I had to do some culling on my Facebook page this afternoon when a spirited debate got ugly. Can I tell you that I love the back and forth of argument, the challenge of it? I know a lot of you deplore this kind of thing and are much better than me at monitoring the type situation that any fool could see was going to get out of hand. I, on the other hand, have a bit of the fly attracted to shit kind of temperament, and unless it affects me really, really personally, I get a charge taking on anyone. Humor me! My life is often made up of dealing with minutia when it isn't, so when given the chance to sharpen the old tongue -- well -- I leap (backwards on the evolutionary scale, maybe). This exchange was about gun control, though, so the person with whom I was arguing (a self-professed orthodox Christian, I can't help but add) naturally went down the path of liberty and freedom and protection, and somewhere in his poorly executed argument (where he called me intelligent but sadly foolish, a sheeple) assured me that, if necessary, his brave and courageous people would protect mine as we ran away, cowards.
I loved that photo of sheep culling for many reasons, the paramount one being that we really do run in herds, don't we?
Here's a poem, too:
The first four leaders had broken knees
The four old dams had broken knees
The flock would start to run, then freeze
The first four leaders had broken knees
‘Why is the flock so docile?’ asked the hawk.
‘Yes, why is the flock so docile,’ laughed the dog,
‘The shepherd’s mallet is in his hand,
The shepherd’s hand is on the land,
The flock will start to run, then freeze—
The four old dams have broken knees,’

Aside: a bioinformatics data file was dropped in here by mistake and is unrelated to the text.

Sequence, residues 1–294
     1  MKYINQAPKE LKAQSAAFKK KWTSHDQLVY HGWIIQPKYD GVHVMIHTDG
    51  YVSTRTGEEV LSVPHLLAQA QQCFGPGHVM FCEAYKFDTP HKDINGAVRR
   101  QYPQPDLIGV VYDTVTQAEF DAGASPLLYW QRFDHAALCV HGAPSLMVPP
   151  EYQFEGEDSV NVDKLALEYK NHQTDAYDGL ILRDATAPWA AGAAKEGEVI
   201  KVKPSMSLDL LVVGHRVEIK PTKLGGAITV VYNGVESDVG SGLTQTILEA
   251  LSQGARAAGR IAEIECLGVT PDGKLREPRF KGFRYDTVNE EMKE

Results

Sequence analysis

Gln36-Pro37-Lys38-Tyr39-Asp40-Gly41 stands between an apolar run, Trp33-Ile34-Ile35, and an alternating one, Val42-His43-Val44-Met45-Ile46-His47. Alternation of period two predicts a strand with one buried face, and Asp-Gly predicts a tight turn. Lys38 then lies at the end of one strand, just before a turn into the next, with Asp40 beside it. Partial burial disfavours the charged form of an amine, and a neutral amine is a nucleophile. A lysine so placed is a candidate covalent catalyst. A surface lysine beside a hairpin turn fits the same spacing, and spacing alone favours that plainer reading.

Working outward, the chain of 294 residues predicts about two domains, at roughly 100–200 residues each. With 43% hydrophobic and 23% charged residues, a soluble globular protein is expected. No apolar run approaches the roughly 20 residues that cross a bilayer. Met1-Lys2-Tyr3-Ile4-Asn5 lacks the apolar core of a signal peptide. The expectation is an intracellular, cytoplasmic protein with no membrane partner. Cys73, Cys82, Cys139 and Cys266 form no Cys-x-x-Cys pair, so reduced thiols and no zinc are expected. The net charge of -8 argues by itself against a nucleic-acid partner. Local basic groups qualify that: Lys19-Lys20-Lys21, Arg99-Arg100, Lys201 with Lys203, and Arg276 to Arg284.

The dog explained.
The hawk exclaimed:
‘The shepherd leads an easy life!’
‘I know, I know,’ cried the shepherd’s wife,
‘He dresses me out in a narrow skirt
and leaves me home to clean his dirt.
Whenever I try to run, I freeze—
All the old dams have broken knees.’
‘Well, I’m so glad he doesn’t dare
to bring his breaking power to bear
on me,’ said the hawk, flying into the sun;
while the dog warned, in his dog run:
‘Hawk—the shepherd has bought a gun!’
‘Why is the hawk so docile?’ asked the flock,
‘He fell to the ground in a feathery breeze;
He lies in a dumb lump under the trees,
We believe we’d rather have broken knees
Than lose our blood and suddenly freeze
But the oldest dam gave her leg a lick,
And said, ‘Some die slow and some die quick,
A few run away and the rest crawl,
But the shepherd never dies at all—
Damn his soul.
I’d will my wool to the shepherd’s wife
If she could change the shepherd’s life,
But I myself would bring him low
If only, only I knew how.’
Judy Grahn, via Poetry Foundation
lol- i SAW that little fb debate!! Love your "fly attracted to shit temperament" line :) that made me laugh! I wonder how you don't get so frustrated with some of these people!! :)ReplyDelete
I saw that 'debate' and was going to ask why you were bothering...well, now I know. :)ReplyDelete
I'd love to be your fb friend!ReplyDelete
I think of Malala Yousafzai. "If you hit a Talib with your shoe, there would be no difference between you and the Talib. You must fight others but through peace and through dialogue and through education." That's how I feel about--WHOEVER it is that's coming for all us Americans, whatever enemy we are supposedly going to need all our guns to rise against. If I took up arms and shot them, I would be one of them.ReplyDelete
It's what I admire about you, your love of a good argument. Conflict just scares the shit out of me.ReplyDelete
And the orthodox Christian who defended guns apparently missed the point of Christ's teachings!
The "orthodox Christian" who loves guns more than Christ also believes his liberty to shoot is greater than my liberty to live safely.ReplyDelete
Just think of it as Spring cleaning. I, too, have an inability to resist getting into it with some folks, but when the argument devolves into the same old sound bites and it becomes clear that the other party is not so much listening to my side as waiting for their turn to respond, it's a pretty clear sign that I don't really want to be friends with them, anyway.ReplyDelete
It's so interesting how the "orthodox Christianity" and the right-wing social perspective often go hand-in-hand. (And, conversely, how agnosticism and left-wing politics often go hand-in-hand.) You never see fundamentalist Christian liberals, you know??ReplyDelete